“working nine to five, what a way to make a living…”
With music written by Dolly Parton, 9 to 5 is based on the 1980 film of the same name which plays out the journey of three women’s fantasies to overthrow their ‘”sexist, egotistical, lying, hypocritical bigot” CEO Franklin Hart (Daniel Stansfield). Each woman faces their struggles: the recently divorced and emotionally vulnerable Judy (Gemma Lowcock) starts work for the first time in 19 years, the sassy and headstrong country gal Doralee (Alice Hoult), who’s unrightfully labelled as the office doll, and the classic female powerhouse Violet (Anna Steen) who works while being a single mother. Footlights has truly set themselves up for a challenge by choosing to put on such an empowering musical.
I was blown away with the opening prologue, when the actors laid on stage asleep before the show had properly started. As the curtains rose behind the actors and the band started playing, the choreography instantly took the show, and actors, away from their slumber. The giant clock featured in their set was imitated by the cast, hands moving accordingly to the hour on the clock in the middle while everyone pulsated to the ticks of a clock. This was a well-rehearsed start with an absolutely unique take on the presentation and choreography.
However, it was evident throughout each scene that the dancing needed polishing: it lacked the energy needed to reach their fingertips, and many moments were unsynchronized and untimely. Although the choreography and accompanying lighting was extremely intriguing in the beginning, it ultimately became too repetitive – making this unfortunately a generic presentation of a musical set in the 60s and 70s.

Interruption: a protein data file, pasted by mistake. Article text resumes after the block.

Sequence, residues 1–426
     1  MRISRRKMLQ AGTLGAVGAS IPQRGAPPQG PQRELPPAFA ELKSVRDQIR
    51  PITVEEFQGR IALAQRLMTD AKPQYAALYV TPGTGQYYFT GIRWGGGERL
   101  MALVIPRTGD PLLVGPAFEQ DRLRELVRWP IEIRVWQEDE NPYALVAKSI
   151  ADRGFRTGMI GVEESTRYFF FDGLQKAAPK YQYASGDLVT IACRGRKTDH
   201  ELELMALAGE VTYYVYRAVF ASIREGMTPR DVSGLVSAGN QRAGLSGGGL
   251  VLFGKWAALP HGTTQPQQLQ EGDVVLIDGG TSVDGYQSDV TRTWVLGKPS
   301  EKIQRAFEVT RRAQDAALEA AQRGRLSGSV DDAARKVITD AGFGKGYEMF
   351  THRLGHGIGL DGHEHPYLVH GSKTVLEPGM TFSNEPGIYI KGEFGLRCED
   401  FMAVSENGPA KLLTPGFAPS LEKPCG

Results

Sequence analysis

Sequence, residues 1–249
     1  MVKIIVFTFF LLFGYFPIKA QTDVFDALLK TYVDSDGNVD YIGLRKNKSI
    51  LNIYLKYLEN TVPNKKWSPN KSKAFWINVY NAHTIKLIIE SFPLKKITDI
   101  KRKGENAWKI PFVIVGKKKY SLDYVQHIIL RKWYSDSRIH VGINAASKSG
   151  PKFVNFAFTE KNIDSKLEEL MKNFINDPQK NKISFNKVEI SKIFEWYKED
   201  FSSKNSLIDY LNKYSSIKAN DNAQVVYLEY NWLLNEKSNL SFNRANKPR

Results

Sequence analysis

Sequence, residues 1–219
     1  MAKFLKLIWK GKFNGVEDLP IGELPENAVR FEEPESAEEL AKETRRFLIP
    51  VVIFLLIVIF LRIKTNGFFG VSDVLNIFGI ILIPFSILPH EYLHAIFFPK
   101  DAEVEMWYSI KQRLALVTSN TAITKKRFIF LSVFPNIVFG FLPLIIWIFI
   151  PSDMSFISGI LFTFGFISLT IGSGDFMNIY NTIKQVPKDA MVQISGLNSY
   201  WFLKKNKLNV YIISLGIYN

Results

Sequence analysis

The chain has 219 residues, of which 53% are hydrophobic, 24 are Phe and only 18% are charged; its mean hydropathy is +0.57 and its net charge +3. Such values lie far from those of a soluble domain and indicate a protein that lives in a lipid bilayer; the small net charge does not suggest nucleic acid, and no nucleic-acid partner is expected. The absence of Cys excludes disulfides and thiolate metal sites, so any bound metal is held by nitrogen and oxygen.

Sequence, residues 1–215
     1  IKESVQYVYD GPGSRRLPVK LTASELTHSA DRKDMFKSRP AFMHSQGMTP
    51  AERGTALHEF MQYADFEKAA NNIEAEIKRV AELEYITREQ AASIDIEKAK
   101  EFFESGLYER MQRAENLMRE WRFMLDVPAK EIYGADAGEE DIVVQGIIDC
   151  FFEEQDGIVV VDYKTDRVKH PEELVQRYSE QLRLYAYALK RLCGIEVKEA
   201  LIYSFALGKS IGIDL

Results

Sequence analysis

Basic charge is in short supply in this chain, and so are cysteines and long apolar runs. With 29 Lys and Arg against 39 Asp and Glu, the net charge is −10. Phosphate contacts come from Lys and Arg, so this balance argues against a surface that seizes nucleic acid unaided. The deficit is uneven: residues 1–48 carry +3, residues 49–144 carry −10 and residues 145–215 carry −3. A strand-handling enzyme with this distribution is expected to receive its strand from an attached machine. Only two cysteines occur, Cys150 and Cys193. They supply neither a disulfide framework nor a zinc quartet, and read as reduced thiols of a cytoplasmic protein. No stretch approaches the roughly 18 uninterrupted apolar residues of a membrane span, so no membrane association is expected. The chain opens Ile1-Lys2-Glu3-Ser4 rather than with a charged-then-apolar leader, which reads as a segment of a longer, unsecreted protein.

Nonetheless, it was a smart idea to have one set stage design with three levels. The actors utilized all the spaces of the stage perfectly, for example in the sequences where Judy, Doralee, and Violet fantasized about killing Franklin. Changing the lighting, sound, actors’ placement on stage, and (fantastic) costuming to convey the change in narrative space (from ‘reality’ to ‘fantasy’) was a clever effect.
Doralee’s (Alice Hoult) singing was strong and powerful, the actress effortlessly connecting with her character. However, I did wish this could be said about the rest of the cast. Whilst their singing was up to a high standard, it also lacked the emotional depth needed to convey some of the heavier numbers. The actors, despite having lovely voices, did not seem to connect with either the script or with the music. More often than not, they seemed to be reciting and portraying the emotions drawn from the script and not the character themselves. Still, perhaps this was due to the unfortunate mis-balance of vocal mics and the band. Although the band played amazingly, it overshadowed a large part of the dialogue and singing.
Notably, however, Daniel Stansfield did a fantastic job playing such an unlikable character of Frank. His ‘Here For You’ number was very convincingly played, his misogynistic and egotistic personality ringing through the overtly sexual choreography. Also, special mention should go to to Joe (Yann Davies), who played his role perfectly, his love duet with Violet also sung beautifully and conveyed with the perfect amount of emotions. He truly embodied his character – it was a shame his voice was hidden until Act 2!
PHOTOS: Andrew Perry
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